Elon Musk has remained at the top of headlines throughout his takeover of Twitter in recent weeks. And while many have been quick to point out the chaos taking place at the social media company in that time, some have also pointed out that his long-term plans for the platform may just work.
Above: Elon Musk in Belgium. Photo: Tesla Owners Club Belgium / Wikimedia Commons
Twitter may have been in trouble long before Elon Musk took over, at least that’s what Andy Wu, Assistant Professor of Business Administration at Harvard Business School, said in a recent interview with The Atlantic. While Wu is no bull on Musk’s past affairs, he also admits he’s been “consistently wrong about projecting out Musk’s potential,” adding that the billionaire’s success makes it hard to want to bet against him.
“He’s always exceeded my expectations,” Wu added.
Wu spoke with The Atlantic’s Caroline Mimbs Nyce, who questioned the Harvard Business School teacher on Twitter’s past, Musk’s management style and what kind of CEO the Tesla, SpaceX, Neuralink and Boring Company head is. And Wu says that Twitter desperately needs some changes that Musk could be set to bring about.
“I think Musk is right in that he needs to take some chances here and try out some new things,” Wu said when asked about Musk’s management style. He added that Musk has a “certain desensitization” to the way his actions influence the rest of the world, which he says “other executives would be more concerned about.”
But when asked if he thought the strategy was wrong, he noted that Twitter has needed some major changes for quite some time, and that it’s tough to say how Musk’s changes will affect the company in the long-run.
“Well, individual choices may be wrong. It’s unclear if the blue-check-mark thing will turn out to be the right strategy. And it’s unclear if cutting specific teams is the right strategy,” Wu added. “But at a high level, I’ll just highlight that Twitter is a business that, for a very long time, has been very, very weak.”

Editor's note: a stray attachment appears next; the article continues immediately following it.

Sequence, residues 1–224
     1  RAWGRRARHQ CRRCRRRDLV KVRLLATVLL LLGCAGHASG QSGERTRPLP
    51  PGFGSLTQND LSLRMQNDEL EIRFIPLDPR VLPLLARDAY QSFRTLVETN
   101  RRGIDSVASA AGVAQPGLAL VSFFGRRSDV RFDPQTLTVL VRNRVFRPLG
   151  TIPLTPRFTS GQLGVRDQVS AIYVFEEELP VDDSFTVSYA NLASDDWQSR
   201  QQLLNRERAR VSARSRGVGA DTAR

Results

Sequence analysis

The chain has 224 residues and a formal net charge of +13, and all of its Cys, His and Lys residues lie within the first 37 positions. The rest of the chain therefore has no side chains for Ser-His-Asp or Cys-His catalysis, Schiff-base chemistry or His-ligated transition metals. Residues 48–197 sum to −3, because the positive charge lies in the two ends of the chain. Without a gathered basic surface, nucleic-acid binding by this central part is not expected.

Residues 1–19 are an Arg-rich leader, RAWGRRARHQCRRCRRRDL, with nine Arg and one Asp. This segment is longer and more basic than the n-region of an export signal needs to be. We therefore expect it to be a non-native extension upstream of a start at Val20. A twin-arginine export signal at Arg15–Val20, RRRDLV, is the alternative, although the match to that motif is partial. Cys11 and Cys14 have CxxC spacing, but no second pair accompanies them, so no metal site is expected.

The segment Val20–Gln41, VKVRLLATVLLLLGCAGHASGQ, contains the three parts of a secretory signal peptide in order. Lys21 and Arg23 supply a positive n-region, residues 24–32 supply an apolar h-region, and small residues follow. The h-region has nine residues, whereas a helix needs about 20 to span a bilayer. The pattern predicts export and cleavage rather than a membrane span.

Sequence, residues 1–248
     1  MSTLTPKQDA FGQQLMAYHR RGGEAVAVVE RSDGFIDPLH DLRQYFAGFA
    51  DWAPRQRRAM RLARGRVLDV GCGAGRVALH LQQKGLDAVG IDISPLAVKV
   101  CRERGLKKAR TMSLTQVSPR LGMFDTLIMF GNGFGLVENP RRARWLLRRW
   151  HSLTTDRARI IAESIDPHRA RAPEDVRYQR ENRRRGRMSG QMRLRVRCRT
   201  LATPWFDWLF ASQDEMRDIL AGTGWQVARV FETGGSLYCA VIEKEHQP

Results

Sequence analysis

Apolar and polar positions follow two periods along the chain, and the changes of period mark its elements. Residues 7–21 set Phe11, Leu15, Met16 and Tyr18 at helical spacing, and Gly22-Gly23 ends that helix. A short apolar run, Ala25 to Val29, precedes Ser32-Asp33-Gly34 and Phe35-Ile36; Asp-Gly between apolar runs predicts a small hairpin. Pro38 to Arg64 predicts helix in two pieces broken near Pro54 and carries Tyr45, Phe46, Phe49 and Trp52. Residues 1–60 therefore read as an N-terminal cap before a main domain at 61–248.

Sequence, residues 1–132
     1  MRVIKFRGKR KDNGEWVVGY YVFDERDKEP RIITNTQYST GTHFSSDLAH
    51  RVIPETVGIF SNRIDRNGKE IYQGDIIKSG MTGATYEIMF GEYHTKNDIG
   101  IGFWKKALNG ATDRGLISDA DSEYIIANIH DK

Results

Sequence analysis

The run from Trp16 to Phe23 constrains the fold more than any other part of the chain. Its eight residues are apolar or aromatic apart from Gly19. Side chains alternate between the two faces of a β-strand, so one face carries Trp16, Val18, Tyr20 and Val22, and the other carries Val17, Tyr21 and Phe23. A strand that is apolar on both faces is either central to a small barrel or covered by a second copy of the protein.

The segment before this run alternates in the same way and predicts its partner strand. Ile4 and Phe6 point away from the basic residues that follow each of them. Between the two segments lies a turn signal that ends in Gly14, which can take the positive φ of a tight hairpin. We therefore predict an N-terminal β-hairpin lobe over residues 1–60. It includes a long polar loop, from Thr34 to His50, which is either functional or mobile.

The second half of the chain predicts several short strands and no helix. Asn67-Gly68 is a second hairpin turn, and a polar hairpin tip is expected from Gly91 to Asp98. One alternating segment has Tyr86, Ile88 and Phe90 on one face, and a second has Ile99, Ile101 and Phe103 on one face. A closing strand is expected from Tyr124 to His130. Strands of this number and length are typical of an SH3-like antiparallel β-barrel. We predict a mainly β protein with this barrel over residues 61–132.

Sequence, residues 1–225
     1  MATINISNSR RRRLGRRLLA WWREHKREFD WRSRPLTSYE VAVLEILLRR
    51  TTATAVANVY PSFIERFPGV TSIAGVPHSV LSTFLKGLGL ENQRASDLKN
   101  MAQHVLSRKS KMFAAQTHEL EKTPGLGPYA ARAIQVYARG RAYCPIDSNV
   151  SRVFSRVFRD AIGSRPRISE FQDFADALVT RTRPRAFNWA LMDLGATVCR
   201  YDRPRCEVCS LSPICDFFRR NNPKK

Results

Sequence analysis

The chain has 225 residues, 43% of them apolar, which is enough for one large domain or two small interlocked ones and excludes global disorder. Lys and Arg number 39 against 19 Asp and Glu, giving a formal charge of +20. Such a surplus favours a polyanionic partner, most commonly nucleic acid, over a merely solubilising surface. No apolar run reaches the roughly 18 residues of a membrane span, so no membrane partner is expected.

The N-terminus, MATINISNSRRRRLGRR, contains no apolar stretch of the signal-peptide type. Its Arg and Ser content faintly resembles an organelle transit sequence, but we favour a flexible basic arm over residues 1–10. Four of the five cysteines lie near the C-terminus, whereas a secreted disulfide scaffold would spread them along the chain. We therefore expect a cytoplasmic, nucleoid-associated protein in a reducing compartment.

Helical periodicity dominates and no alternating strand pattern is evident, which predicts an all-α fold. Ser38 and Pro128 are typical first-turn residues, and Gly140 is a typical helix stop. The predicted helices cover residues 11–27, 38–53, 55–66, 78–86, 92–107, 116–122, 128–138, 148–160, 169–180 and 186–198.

Wu also described Musk as a “one-of-a-kind” executive when asked if he was a good CEO, adding that his accomplishments at SpaceX and Tesla have been something unique. And when Musk has been asked about what makes his companies so special, he largely points to his engineering background.
This can be evidenced by Musk cutting so much of Twitter’s staff already, which undeniably cuts costs for the company. And Wu says that’s just one of a few key things Twitter will need to do to become profitable.
In a recent statement while testifying over his compensation package at Tesla, Musk also said he considers engineering his primary role at both companies, adding that he expects to eventually find someone else to run Twitter down the road (via The Verge).
“I frankly don’t want to be the CEO of any company,” Musk said during the testimony. “At SpaceX, it’s really that I’m responsible for the engineering of the rockets and Tesla for the technology in the car that makes it successful.”
“So, CEO is often viewed as somewhat of a business-focused role, but in reality, my role is much more that of an engineer developing technology and making sure that we develop breakthrough technologies and that we have a team of incredible engineers who can achieve those goals.”